Emails from MediaWiki may not work at all, or you may get Unknown error on actions that trigger an email. You need to enable sending emails from the webserver. The following command may enable this:

setsebool -P httpd_can_sendmail on

Pygments for SyntaxHighlight

This section is under discussion on the Talk page.

Extension:SyntaxHighlight use a library called pygments that provides the syntax highlight. If Syntax highlight doesn't work you may need to enable execution on the pygments folder:

semanage fcontext -a -t httpd_sys_script_exec_t '/<path_to_mediawiki>/extensions/SyntaxHighlight_GeSHi/pygments(/.*)?'
restorecon -R -v /<path_to_mediawiki>/extensions/SyntaxHighlight_GeSHi/pygments/

Other handy SELinux tricks


To find out if SELinux is enabled on your system:


audit2allow is a perl script that interprets the selinux errors and constructs the right rules to overcome various problems.

/usr/bin/audit2allow -i /var/log/messages

It outputs the lines you need to add to your policies to permit things that are reported as failing.

In /var/log/messages you should find an id corresponding to the selinux error that occurred.

sealert -l <id>

will give more information. One possible source of error is that you copied the uncompressed installation files from a home directory to a system area thereby invalidating their security context. This can be addressed by a command such as....

restorecon -R -v /var/www/html/mediawiki

When all else fails, try this

man setenforce

Updating Local Policy Contexts


Changes made by using chcon are only temporary, in that they will be overwritten by any subsequent action which relabels the files (e.g. restorecon, semanage, make relabel, etc). To avoid this, you can add custom context entries to your local policy using the semanage utility. These entries are stored in a separate file, file_contexts.local, which is not part of the base SELinux policy. The entries in this file always override the entries in the base policy. Because the final argument for semanage is a regular expression, make sure to enclose it in double-quotes (or single quotes) to prevent the shell attempting to interpret the pattern as a globmatch and mangling the entry.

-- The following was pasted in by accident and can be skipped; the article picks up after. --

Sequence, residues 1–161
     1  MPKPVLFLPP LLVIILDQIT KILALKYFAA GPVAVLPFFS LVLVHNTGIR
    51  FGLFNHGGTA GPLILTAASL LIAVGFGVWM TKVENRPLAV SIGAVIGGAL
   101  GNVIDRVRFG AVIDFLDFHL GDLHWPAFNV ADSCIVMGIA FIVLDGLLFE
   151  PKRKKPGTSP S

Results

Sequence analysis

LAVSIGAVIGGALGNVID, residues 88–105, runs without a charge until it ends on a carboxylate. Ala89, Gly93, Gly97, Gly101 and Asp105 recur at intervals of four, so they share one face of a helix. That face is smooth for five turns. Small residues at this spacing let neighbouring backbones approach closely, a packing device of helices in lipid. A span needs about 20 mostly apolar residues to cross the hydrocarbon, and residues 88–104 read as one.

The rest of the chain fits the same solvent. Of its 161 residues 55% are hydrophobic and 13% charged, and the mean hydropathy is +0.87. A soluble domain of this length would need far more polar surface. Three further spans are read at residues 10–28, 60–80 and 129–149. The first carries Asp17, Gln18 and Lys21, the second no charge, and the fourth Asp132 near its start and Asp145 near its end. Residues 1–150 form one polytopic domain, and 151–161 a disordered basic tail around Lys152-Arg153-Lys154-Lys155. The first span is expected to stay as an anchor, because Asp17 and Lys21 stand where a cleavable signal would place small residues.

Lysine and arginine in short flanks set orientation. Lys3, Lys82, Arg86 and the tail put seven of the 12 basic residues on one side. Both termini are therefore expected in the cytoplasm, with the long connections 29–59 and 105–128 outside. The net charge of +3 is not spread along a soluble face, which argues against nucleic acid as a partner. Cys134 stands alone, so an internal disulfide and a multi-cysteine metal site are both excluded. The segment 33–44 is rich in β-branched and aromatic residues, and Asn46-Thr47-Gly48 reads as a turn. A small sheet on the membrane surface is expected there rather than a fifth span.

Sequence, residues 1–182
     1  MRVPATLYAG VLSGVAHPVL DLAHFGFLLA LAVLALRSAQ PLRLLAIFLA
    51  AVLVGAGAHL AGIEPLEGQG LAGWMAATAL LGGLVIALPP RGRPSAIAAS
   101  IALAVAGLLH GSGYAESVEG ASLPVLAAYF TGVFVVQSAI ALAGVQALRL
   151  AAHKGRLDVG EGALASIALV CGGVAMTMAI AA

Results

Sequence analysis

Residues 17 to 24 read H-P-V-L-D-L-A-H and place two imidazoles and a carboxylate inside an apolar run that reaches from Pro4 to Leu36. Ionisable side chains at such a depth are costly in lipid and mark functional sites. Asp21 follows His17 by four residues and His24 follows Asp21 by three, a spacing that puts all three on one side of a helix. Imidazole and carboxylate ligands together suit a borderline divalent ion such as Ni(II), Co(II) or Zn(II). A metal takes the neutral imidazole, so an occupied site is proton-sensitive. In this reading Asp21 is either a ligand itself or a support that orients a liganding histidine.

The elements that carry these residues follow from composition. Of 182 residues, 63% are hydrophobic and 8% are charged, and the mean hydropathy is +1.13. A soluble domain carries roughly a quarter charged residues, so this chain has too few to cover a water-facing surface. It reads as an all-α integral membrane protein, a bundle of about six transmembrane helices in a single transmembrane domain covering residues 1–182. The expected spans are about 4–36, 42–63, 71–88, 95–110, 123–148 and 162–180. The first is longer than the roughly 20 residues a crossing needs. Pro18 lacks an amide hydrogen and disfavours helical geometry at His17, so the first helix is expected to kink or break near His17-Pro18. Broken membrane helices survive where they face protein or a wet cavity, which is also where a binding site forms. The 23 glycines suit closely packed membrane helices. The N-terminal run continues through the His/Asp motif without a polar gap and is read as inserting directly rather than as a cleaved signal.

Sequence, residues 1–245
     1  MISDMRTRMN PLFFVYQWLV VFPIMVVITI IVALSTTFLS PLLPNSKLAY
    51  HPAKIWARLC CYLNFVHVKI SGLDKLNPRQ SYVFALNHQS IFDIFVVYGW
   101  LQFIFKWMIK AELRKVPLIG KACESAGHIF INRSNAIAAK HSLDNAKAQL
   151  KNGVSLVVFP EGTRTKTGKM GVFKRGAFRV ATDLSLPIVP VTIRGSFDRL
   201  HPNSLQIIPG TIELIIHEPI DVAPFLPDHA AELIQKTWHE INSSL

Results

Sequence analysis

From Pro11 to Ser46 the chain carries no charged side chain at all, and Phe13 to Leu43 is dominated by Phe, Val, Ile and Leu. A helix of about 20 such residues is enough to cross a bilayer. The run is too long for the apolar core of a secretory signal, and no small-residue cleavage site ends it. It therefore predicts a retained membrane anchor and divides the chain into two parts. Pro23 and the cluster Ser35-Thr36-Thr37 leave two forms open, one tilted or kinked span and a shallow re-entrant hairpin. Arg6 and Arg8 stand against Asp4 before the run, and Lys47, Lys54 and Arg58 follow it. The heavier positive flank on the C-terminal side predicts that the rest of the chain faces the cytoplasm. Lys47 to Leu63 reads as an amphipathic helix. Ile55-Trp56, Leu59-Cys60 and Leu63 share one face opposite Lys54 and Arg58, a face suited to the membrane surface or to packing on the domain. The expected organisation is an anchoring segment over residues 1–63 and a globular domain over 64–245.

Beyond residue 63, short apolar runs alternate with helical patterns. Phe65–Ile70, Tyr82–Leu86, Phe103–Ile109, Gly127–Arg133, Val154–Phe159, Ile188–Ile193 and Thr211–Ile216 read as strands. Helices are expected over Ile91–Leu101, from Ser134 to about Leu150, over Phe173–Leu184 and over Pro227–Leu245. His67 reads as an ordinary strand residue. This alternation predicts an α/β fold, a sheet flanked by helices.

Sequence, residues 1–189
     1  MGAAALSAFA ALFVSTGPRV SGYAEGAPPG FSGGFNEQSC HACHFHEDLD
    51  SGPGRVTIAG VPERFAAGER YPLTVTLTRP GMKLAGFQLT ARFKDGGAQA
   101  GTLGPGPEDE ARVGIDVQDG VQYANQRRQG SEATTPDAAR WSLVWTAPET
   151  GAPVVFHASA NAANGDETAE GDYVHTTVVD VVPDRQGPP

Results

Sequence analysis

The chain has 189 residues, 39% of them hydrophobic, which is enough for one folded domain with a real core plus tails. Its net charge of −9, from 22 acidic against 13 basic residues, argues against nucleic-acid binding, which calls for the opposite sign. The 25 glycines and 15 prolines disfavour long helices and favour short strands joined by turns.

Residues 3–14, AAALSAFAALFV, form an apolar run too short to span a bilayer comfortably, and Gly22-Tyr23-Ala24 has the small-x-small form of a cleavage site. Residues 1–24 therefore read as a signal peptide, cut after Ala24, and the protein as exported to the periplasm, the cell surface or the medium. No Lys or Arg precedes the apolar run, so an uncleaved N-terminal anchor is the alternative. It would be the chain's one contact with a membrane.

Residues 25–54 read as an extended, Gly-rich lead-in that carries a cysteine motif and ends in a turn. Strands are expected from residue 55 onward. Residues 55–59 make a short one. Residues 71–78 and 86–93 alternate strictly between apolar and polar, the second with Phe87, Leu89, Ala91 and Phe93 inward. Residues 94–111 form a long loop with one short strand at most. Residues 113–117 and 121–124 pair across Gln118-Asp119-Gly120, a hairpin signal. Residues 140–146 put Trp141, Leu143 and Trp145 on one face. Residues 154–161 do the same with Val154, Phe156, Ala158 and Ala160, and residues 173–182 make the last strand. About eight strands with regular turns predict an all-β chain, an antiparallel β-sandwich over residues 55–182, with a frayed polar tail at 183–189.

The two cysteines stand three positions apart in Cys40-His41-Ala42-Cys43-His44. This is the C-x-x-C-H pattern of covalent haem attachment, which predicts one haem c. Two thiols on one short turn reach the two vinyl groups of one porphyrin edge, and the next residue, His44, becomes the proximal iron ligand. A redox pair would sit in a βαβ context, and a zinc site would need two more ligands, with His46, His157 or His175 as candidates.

On most systems where SELinux is being used there are two different sets of types that need to be applied depending on where MediaWiki is installed and how it will be invoked. If you are installing MediaWiki to a location like /var/www/html where it will not be accounted to any particular real user, then you should use the system ('sys') types. If you are installing MediaWiki to be used by a single user from their public_html directory or similar mechanism, you should use the user types. There are currently three (for a total of six) SELinux types that are relevant for MediaWiki installations.

  1. httpd_(sys|user)_content_t - for files that the web server is allowed to read and send to web browsers over the network.
  2. httpd_(sys|user)_rw_content_t - for files and directories that the webserver is allowed to read from and write to freely.
  3. httpd_(sys|user)_script_exec_t - for files that are scripts the webserver should be allowed to execute.

For example, the following would be appropriate for most people installing MediaWiki to a dedicated web server, using /var/www/html for the root of the MediaWiki installation:

semanage fcontext -a -t httpd_sys_content_t "^${MEDIAWIKIROOT}(/.*)?"
semanage fcontext -a -t httpd_sys_rw_content_t "^${MEDIAWIKIROOT}/images(/.*)?"
semanage fcontext -a -t httpd_sys_rw_content_t "^${MEDIAWIKIROOT}/cache(/.*)?"
semanage fcontext -a -t httpd_sys_script_exec_t "^${MEDIAWIKIROOT}/.*\.php5?"

This stanza would be appropriate for most people installing MediaWiki to a normal user's public_html directory for their personal use.

semanage fcontext -a -t httpd_user_content_t "^${MEDIAWIKIROOT}(/.*)?"
semanage fcontext -a -t httpd_user_rw_content_t "^${MEDIAWIKIROOT}/images(/.*)?"
semanage fcontext -a -t httpd_user_rw_content_t "^${MEDIAWIKIROOT}/cache(/.*)?"
semanage fcontext -a -t httpd_user_script_exec_t "^${MEDIAWIKIROOT}/.*\.php5?"

The semanage utility only changes the database used to declare and assign SELinux contexts. It does not apply these rules to any files already present in the filesystem. Once you have declared the new context rules you must apply them to the filesystem using the restorecon command as shown below. The -R argument makes restorecon work recursively, the -F argument forces the replacement of any contexts applied to files which do not match what is in the database, and the -v argument makes restorecon show you which files it altered the contexts for so that you can verify your newly declared rules are being applied.

restorecon -RFv /path/to/mediawiki/install